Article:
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Russian Forces Withdraw From Gori, Remain In Region
2008-08-22 17:38:37
Russian troops pulled out of the Georgian city of Gori Friday in what Moscow said was compliance with a cease-fire agreement, but they blew up Georgian military installations on their way out and set up checkpoints north of the city.

U.S., French and Georgian officials later disputed Russia's assertion that it had complied with the pullout provisions of the cease-fire accord.

The Russian withdrawal from Gori made good on assurances from Moscow that the troops would be out of the city by 8 p.m. local time but, around that deadline, a loud blast shook a Georgian military installation, and Georgian sources said the Russians had blown up a major arms depot. Other explosions followed, and thick clouds of black smoke could be seen billowing up from at least two locations in the city.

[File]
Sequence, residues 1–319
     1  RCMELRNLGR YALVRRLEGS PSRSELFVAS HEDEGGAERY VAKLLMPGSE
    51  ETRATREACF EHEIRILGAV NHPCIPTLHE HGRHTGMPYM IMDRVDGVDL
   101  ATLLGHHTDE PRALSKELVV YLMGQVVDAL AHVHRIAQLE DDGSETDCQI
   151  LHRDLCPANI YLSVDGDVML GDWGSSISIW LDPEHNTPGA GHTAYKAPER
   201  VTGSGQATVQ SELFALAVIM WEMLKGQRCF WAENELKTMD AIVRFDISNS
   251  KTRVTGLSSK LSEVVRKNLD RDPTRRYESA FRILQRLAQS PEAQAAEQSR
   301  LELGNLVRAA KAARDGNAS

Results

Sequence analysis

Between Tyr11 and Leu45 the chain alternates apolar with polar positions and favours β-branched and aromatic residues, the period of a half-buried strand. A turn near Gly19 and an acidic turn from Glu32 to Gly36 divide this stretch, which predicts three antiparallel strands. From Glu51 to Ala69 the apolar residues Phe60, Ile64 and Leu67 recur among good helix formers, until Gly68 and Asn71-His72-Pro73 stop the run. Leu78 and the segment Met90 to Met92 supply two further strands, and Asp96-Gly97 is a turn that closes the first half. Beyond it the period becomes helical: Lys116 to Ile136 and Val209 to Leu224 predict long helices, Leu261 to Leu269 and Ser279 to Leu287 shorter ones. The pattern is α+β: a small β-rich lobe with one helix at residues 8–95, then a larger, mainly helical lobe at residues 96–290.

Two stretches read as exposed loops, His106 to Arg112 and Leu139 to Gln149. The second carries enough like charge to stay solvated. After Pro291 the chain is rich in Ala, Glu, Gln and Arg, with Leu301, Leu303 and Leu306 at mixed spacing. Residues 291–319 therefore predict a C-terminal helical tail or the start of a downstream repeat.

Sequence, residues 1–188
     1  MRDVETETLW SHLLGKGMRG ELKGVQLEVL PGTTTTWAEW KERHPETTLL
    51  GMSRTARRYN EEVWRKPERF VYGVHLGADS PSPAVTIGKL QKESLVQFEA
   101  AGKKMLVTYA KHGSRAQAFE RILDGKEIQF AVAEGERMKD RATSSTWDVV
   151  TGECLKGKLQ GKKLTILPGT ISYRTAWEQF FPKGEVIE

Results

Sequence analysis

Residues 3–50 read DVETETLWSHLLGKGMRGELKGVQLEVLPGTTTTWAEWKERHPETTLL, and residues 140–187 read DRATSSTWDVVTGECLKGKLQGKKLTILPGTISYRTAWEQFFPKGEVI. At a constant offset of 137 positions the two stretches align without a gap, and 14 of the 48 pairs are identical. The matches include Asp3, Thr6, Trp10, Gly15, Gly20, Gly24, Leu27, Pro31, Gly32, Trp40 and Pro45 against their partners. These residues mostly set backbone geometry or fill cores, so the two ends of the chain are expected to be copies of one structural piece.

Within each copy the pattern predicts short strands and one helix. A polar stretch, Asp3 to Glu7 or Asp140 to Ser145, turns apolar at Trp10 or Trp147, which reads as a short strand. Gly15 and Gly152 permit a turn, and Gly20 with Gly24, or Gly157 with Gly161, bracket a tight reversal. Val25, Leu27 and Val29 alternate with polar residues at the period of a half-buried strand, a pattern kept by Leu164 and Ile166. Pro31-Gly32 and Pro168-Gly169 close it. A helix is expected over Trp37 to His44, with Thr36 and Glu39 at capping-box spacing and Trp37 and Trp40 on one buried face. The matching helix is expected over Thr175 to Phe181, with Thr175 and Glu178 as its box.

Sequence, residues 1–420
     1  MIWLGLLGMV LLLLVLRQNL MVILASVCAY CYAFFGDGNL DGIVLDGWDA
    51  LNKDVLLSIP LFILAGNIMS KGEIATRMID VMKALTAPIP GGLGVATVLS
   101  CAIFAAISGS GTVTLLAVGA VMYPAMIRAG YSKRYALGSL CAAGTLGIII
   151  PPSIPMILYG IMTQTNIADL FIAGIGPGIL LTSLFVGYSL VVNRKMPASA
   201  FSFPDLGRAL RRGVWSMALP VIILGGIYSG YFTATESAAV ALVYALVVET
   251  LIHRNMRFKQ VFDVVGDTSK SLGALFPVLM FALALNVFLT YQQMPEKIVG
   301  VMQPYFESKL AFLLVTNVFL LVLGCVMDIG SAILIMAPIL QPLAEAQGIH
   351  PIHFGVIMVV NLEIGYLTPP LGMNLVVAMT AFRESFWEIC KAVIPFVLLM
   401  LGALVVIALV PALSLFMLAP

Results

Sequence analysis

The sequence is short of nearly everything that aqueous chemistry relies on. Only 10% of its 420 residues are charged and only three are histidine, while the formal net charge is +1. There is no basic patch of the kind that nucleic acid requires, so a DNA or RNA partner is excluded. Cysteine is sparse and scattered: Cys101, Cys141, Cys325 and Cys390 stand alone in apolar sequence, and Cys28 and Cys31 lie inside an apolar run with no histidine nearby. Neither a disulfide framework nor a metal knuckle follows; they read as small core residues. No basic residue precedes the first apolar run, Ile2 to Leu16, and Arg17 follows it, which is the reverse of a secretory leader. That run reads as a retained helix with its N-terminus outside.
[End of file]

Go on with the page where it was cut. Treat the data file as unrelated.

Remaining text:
Georgian police arrived on the heels of the Russian departure and began setting up their own checkpoints. They were followed by nearly two dozen Georgian police cars that headed into the city from the Georgian capital, Tbilisi, shortly after the pullout. The road between Gori and Tbilisi, a main east-west artery, appeared to be clear of Russian checkpoints, and Russian tanks were moving out of their positions in fields off the road.

The Russians, however, did not immediately withdraw from undisputed Georgian territory, instead setting up a checkpoint about two miles north of Gori and several others on the road to Tskhinvali, the capital of the breakaway Georgian region of South Ossetia.